There were 1800 MPC papers published in 2015! This means in one year, there are most papers published on MPC than there were from the beginning of time through the end of 2004. Gotta get reading…


Aggregating Private Sparse Learning Models Using Multi-Party Computation

December 9th, 2016 by David Evans

Bargav Jayaraman presented on privacy-preserving sparse learning at the Private Multi‑Party Machine Learning workshop attached to NIPS 2016 in Barcelona.



A short paper summarizing the work is: Lu Tian, Bargav Jayaraman, Quanquan Gu, and David Evans. Aggregating Private Sparse Learning Models Using Multi-Party Computation [PDF, 6 pages].

At the workshop, Jack Doerner also presented a talk on An Introduction to Practical Multiparty Computation.


O’Reilly Security 2016: Classifiers Under Attack

November 4th, 2016 by David Evans

I gave a talk on Weilin Xu’s work (in collaboration with Yanjun Qi) on evading machine learning classifiers at the O’Reilly Security Conference in New York: Classifiers Under Attack, 2 November 2016.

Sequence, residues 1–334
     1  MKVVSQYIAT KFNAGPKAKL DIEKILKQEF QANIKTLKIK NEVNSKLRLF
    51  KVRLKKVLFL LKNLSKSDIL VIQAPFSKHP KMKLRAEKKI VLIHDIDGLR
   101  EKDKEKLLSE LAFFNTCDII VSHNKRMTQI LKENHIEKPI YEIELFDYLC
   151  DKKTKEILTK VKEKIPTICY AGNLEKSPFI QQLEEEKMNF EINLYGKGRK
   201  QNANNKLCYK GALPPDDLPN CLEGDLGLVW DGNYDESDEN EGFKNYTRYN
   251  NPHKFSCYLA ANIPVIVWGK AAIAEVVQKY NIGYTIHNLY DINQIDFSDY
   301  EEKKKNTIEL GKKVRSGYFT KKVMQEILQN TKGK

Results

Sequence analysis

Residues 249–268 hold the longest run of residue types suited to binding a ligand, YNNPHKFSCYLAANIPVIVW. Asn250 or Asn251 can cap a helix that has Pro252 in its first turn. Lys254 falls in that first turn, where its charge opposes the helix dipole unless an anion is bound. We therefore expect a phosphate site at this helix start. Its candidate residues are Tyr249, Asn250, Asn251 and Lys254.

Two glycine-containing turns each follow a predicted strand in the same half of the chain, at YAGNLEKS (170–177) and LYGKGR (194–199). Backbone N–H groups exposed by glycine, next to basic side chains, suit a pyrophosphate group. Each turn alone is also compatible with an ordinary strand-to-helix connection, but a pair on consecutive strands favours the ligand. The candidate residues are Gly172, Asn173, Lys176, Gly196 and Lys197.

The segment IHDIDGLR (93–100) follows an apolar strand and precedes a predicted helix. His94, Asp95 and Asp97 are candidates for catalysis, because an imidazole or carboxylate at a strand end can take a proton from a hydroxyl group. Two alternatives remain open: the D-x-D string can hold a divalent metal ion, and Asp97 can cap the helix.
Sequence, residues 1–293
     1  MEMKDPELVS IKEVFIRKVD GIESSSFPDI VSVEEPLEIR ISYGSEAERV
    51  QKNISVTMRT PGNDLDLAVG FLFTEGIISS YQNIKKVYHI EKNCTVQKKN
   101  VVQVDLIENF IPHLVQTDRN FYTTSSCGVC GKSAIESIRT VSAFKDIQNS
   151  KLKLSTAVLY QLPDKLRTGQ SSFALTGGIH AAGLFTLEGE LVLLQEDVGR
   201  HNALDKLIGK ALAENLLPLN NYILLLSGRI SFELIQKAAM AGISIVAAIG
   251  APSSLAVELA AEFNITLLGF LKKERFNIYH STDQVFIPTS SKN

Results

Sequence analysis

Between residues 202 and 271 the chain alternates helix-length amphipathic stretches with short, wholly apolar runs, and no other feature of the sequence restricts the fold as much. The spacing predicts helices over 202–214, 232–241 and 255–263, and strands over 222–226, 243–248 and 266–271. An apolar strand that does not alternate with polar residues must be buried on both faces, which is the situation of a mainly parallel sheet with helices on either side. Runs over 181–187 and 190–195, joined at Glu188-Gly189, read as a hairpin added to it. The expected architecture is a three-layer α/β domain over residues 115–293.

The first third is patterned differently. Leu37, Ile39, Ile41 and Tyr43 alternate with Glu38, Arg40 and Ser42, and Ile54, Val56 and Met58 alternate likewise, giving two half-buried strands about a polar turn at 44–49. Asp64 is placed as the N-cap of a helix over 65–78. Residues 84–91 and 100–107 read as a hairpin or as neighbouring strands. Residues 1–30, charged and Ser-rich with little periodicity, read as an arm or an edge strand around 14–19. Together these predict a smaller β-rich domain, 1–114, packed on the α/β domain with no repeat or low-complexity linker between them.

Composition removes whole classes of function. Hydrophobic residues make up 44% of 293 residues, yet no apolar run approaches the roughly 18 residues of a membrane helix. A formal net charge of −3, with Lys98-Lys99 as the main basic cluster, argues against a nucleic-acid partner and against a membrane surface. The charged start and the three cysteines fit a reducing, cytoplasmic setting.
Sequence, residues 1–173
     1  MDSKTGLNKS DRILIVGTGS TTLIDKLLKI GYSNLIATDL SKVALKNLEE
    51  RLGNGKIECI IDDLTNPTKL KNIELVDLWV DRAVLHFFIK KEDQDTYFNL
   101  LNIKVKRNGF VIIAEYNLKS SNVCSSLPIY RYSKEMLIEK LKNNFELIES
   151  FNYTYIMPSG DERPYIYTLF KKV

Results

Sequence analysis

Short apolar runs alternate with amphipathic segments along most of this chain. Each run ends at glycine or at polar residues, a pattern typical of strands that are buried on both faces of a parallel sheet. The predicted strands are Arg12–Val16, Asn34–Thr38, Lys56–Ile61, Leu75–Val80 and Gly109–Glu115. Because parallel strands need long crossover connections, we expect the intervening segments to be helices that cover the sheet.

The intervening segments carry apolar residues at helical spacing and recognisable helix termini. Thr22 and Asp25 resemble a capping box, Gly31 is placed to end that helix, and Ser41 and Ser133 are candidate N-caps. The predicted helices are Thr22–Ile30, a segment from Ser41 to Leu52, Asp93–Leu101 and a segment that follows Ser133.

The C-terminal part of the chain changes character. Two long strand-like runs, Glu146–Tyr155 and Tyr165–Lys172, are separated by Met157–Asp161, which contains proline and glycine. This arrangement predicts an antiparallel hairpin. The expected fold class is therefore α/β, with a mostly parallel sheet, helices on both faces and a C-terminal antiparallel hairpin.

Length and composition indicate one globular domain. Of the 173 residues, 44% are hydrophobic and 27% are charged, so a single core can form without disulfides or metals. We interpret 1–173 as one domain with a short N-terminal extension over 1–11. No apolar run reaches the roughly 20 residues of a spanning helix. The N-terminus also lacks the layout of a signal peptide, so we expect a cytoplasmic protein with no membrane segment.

Machine-learning models are popular in security tasks such as malware detection, network intrusion detection, and spam detection. These models can achieve extremely high accuracy on test datasets and are widely used in practice.

However, these results are for particular test datasets. Unlike other fields, security tasks involve adversaries responding to the classifier. For example, attackers may try to generate new malware deliberately designed to evade existing classifiers. This breaks the assumption of machine-learning models that the training data and the operational data share the same data distribution. As a result, it is important to consider attackers’ efforts to disrupt or evade the generated models.